Bee Safe Insecticides: Do They Exist? Which Ones Are the Best?

Bees play a crucial role in pollination, directly influencing the health of our ecosystem and the food we consume.

Their contribution to agriculture is undeniable, with a significant portion of the world’s food crops relying on these insects for pollination.

However, there’s a growing concern: bee populations are declining at an alarming rate.

One of the primary culprits behind this decline is the use of pesticides.

These chemicals, while effective in controlling pests, often have unintended consequences on non-target species, including bees.

In this article, let’s try to see if we can find a way to protect our crops without harming these crucial pollinators and helpful insects.

Bee Safe Insecticides
Small Carpenter Bees

Understanding Bee Safe Insecticides

So, what exactly are bee-safe insecticides? Simply put, these are insecticides that, when used as directed, pose minimal risk to bees.

Their formulation and application methods are designed to target pests without harming beneficial insects, especially pollinators like bees.

The importance of such insecticides cannot be overstated.

With the global reliance on bees for pollination, it’s imperative to find a balance between effective pest control and the protection of these vital insects.

This balance ensures that while we protect our crops from pests, we aren’t inadvertently harming the very insects that help these crops thrive.

Common Insecticides and Their Impact on Bees

Let’s see some common insecticides and understand their effects on bees.

Acetamiprid and Thiacloprid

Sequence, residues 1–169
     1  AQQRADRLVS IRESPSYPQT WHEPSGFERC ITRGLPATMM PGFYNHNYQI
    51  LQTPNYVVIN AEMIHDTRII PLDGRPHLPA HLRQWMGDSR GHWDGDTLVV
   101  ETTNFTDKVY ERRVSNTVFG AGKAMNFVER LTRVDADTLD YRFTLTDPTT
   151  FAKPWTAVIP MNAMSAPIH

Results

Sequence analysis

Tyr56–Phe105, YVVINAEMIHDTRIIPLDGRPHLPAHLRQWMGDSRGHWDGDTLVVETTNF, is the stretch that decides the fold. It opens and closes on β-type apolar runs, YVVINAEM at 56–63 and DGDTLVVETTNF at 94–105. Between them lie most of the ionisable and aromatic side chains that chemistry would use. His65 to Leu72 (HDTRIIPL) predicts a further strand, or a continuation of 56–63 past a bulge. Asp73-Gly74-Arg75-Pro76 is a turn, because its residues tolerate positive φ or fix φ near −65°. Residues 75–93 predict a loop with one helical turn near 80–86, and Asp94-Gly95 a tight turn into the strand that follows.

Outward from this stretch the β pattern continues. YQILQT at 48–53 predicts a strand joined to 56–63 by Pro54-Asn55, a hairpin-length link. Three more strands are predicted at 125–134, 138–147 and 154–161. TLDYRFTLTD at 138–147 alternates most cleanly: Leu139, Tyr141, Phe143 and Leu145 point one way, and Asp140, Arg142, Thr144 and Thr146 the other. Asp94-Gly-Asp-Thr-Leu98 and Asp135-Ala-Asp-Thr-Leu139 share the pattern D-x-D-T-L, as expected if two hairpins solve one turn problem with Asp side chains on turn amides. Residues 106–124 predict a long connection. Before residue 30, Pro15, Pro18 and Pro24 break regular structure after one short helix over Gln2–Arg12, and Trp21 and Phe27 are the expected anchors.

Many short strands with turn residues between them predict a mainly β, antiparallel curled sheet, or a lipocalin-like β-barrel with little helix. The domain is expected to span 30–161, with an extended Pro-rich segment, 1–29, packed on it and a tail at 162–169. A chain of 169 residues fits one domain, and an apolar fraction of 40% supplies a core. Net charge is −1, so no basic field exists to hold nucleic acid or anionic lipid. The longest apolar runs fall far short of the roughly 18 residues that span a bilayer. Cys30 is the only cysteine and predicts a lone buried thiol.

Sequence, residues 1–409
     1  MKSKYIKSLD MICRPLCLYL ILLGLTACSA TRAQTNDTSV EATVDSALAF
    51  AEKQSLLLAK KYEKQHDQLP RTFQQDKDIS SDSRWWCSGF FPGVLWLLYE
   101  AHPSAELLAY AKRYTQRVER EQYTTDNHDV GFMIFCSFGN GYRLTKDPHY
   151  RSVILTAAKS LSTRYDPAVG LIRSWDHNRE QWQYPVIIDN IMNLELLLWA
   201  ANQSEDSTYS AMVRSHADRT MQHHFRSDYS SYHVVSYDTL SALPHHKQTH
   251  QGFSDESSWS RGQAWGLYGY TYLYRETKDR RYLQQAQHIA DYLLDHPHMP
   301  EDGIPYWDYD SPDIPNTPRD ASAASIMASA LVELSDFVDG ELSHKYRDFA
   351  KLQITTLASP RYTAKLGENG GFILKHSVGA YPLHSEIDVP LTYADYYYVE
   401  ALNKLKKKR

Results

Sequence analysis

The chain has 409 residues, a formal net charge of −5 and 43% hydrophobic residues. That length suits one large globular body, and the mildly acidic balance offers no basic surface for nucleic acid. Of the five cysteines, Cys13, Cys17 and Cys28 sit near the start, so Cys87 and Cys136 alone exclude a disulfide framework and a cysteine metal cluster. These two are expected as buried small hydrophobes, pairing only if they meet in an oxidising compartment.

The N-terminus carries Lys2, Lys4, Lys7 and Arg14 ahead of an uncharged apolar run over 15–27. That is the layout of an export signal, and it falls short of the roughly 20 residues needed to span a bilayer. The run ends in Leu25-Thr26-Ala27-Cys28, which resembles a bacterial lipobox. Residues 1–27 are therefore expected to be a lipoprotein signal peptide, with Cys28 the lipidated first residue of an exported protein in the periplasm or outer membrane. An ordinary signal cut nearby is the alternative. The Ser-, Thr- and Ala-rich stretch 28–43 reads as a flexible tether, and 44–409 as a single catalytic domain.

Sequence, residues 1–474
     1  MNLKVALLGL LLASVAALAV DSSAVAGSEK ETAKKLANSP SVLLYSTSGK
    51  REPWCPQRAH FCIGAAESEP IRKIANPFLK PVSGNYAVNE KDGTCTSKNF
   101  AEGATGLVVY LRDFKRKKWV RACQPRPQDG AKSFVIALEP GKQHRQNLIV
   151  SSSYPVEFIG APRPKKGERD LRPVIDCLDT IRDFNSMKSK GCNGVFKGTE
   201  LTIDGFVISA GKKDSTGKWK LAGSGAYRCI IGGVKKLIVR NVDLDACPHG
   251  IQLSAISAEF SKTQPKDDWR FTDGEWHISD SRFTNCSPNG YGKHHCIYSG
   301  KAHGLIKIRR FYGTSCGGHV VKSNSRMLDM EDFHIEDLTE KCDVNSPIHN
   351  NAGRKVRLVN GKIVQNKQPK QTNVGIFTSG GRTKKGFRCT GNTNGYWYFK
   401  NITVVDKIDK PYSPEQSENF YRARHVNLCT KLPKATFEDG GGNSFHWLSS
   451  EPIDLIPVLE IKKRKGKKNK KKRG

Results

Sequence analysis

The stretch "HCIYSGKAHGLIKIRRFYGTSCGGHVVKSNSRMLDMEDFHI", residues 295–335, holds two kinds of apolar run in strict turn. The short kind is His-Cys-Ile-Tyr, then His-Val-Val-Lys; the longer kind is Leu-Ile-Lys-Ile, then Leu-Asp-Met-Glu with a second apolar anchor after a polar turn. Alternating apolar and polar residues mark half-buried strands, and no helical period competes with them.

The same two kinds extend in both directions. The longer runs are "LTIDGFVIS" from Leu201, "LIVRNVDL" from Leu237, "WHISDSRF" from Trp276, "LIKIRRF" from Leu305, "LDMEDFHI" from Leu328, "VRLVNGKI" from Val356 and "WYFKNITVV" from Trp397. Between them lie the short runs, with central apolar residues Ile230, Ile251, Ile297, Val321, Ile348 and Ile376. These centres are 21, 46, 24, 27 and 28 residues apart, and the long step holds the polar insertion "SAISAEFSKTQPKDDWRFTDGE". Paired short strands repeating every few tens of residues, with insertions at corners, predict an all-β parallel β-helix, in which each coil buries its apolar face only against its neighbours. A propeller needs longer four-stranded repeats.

These are among the least toxic active ingredients found in systemic insecticides.

Systemic insecticides are absorbed by plants, making the plant itself toxic to pests.

While many systemic insecticides can be harmful to bees, Acetamiprid and Thiacloprid have been identified as having a lower toxicity level, making them safer options when considering bee health.

Mating Eastern Carpenter Bees

Other Safe Alternatives

  • Sulfur: Often used as a fungicide, sulfur has a low toxicity level for bees and is considered safe when applied correctly.
  • Serenade: A biological fungicide, Serenade is derived from a bacterium and poses minimal risk to bees.
  • Herbicides: While primarily used to control unwanted plants, many herbicides have been found to be non-toxic to bees.
  • Garlic: Garlic extracts can act as a natural repellent for certain pests without harming bees.
  • Kaolin clay: When sprayed on plants, this clay forms a barrier that deters pests. It’s non-toxic to bees and other beneficial insects.
  • Corn gluten: A natural pre-emergent, corn gluten prevents weed seeds from germinating and is safe for bees.
  • Gibberellic acid: Used to promote plant growth, this organic compound doesn’t harm bees.
  • Acequinocyl: An acaricide, it’s used to control mites and has a low impact on bees.
  • Chlorantraniliprole: This insecticide targets specific pests and is considered less toxic to bees compared to other chemicals.

Widely Used Insecticides with Lower Risk

  • Bonide: Suitable for general use, Bonide is a brand that offers a range of products. Some of these products are formulated to be less harmful to bees.
  • Scotts Grubex: Targeting lawn pests, especially grubs, this product is designed to protect lawns without posing a significant threat to bees.

It’s essential to note that while these insecticides may pose a lower risk to bees, it’s crucial to follow label instructions and apply them correctly to ensure bee safety.

Bee Safe Insecticides for Specific Plants

  • Vegetable Gardens: Consider natural repellents like garlic or kaolin clay, which deter pests without harming bees.
  • Roses: Roses can attract certain pests, but using insecticides like Bonide, which is less harmful to bees, can be beneficial.

Homemade Bee Safe Insecticides

DIY solutions can be both effective and bee-friendly.